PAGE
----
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(2) Get educated in employable skill sets, and if not, stick with your real interest |
Now if you hope to have some job guarantee, consider getting educated in more employable skill sets. Some specialized occupations, such as medical professions will always in demand. That’s why they are the hottest professions in the developed countries. Besides medical professions such as doctors, dentists and nurses, we need plumbers if we own a house / condo, auto-mechanic if we own a car. Also consider the professions which you can easily become self-employed without much capital investment, such as public accountants, financial planners, insurance brokers, and even lawyers. Those may not be the best professions in the current economic climate of China but with the society getting wealthier, they will be in demand as what happened to the most of the developed countries. I’m not an expert in defining what the most employable skills are; only in my view, they should be related to the life’s necessities. Those we couldn’t live without!
The demands for many other professions are controlled by the economic law of supply and demand. In North America, there seems a ten year cycle for engineers. Maybe a low demand at beginning of the cycle which discourages many to study in the field, then at the end of the ten years, a higher demand and the shortage. I had a friend, he had chosen to study in chemical engineering at the peak of the demand, then by the time he graduated it was at the lowest, he had tough time to find a job. This similar cycle could happen to many professions including corporate accountants, programmers, teachers and even lawyers.
Then what do you do if you’re not sure of your true calling? My suggestion is to stick with your real interest. If you have the talent and the interest, and if you try your best, you may accomplish something eventually. That’s how the great writers, painters and artists are created. The most miserable thing in life is stuck in a profession which is not your interest, and become a job hopper. It may be fun when you were young hopping from job to job, but you’ll never be able to set your roots and to build up decent experience and seniority.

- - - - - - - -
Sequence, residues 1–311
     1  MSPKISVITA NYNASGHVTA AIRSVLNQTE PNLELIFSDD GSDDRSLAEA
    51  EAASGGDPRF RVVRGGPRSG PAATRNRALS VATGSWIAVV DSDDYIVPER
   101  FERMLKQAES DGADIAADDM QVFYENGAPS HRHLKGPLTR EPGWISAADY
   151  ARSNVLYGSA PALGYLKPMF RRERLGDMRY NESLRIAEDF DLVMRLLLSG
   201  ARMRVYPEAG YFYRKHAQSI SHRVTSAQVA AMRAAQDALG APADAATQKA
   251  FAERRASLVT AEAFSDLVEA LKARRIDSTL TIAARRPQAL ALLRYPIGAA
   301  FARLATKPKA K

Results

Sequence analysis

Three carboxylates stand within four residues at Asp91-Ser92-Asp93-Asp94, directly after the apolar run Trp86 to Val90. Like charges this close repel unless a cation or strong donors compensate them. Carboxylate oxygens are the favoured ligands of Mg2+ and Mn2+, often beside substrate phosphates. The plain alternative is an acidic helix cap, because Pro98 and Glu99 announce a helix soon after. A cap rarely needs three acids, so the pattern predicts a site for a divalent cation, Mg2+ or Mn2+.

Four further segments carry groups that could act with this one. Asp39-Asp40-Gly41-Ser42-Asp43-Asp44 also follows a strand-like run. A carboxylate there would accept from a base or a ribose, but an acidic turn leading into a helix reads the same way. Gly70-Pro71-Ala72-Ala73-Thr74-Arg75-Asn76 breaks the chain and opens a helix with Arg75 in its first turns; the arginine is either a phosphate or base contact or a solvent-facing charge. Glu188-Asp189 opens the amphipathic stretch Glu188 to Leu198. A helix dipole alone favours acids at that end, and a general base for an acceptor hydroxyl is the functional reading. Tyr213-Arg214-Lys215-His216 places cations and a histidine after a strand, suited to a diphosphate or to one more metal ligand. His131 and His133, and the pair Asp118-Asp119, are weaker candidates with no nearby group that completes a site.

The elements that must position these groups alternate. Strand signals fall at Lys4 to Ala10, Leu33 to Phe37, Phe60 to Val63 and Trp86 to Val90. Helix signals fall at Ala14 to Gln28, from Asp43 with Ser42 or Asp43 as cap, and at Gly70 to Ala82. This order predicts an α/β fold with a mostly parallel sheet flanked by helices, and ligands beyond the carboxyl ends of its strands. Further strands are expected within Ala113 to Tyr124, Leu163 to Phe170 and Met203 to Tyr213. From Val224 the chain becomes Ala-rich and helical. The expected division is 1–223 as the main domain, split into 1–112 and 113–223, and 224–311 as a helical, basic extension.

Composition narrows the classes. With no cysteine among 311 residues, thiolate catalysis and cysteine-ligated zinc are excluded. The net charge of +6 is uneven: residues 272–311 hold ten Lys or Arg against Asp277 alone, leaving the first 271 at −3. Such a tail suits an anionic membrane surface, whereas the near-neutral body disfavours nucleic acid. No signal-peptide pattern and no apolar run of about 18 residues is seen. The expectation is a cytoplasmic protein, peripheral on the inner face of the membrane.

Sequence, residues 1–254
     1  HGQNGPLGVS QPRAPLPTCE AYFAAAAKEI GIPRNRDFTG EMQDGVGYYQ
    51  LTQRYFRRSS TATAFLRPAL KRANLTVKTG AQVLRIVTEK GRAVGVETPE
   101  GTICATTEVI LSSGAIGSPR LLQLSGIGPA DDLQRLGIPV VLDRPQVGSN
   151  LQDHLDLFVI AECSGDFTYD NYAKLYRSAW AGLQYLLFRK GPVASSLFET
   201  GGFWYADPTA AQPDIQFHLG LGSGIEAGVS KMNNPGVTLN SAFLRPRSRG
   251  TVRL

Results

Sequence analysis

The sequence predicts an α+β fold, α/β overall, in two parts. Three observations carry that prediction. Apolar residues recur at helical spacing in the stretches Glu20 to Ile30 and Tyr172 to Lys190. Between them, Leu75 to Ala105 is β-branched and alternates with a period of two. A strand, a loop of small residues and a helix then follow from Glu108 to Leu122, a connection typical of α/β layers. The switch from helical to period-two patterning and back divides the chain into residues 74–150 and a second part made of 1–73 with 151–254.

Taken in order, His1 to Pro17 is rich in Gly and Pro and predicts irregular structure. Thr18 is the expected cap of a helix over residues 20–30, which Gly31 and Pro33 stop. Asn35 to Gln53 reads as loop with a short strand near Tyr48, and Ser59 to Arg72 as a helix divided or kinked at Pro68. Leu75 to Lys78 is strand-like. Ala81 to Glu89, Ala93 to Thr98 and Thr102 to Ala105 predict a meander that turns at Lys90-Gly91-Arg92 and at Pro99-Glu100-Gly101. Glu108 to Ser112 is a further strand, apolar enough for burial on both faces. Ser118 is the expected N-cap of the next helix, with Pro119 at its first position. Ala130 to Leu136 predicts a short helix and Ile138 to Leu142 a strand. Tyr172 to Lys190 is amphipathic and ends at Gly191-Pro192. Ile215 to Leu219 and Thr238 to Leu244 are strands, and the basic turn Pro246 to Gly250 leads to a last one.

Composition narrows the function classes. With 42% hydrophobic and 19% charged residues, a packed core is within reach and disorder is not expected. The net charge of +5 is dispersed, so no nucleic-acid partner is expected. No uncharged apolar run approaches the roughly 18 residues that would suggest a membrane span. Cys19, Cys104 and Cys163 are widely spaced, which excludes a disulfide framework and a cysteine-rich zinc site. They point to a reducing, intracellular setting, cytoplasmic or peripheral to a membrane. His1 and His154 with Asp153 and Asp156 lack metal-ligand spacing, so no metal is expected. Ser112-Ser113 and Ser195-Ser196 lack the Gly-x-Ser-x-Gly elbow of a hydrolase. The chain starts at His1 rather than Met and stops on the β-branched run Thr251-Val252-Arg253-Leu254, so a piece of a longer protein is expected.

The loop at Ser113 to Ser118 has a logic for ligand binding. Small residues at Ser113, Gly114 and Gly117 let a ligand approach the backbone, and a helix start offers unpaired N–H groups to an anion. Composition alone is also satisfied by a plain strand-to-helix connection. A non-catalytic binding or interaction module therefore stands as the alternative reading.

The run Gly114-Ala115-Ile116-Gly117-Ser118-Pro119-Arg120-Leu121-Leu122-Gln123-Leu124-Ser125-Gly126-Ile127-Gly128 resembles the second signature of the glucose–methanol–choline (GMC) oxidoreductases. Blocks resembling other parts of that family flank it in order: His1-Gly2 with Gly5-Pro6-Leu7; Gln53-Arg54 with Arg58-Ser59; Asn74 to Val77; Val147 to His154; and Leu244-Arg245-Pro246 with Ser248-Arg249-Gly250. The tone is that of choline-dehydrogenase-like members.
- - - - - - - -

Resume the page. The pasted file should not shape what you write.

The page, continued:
Now how about graduate schools, getting Master, Ph.D. or MBA? If you’re a science major, like in math, physics and chemistry, you may need a Master degree for a decent job. But Ph.D. is definitely for those who are more interested in teaching and research. Then If all you want is to get a job and paying the bills, don’t make yourself over qualified with advanced degrees. Again, think about the law of supply and demand, there is always more jobs for the less qualified, fewer for the overqualified.
You should have some practical business experience before going on to study MBA. I believe most MBAs are for the jobs of managers. If you didn’t have the practical experience, how could the company hire you as manger supervising others? The best is to have the company you work for, paying your MBA education. This way your job is guaranteed when you graduate. Some people like to study in the top MBA schools. The tuition fees are much higher in those schools. I believe the basic you learned in any MBA schools are similar, the difference is that in the top schools you get more opportunity to network with the deal makers of the future and the present. The word of network is the same as building up Guan Xi in our language. Other countries often laughing at our Guan Xi, but even in the business world of North America, how far you go depends on your skill of network.
The next part (3) Studying abroad and Immigration – to be posted later
[ Last edited by thetruthbut at 2007-3-16 10:18 AM ]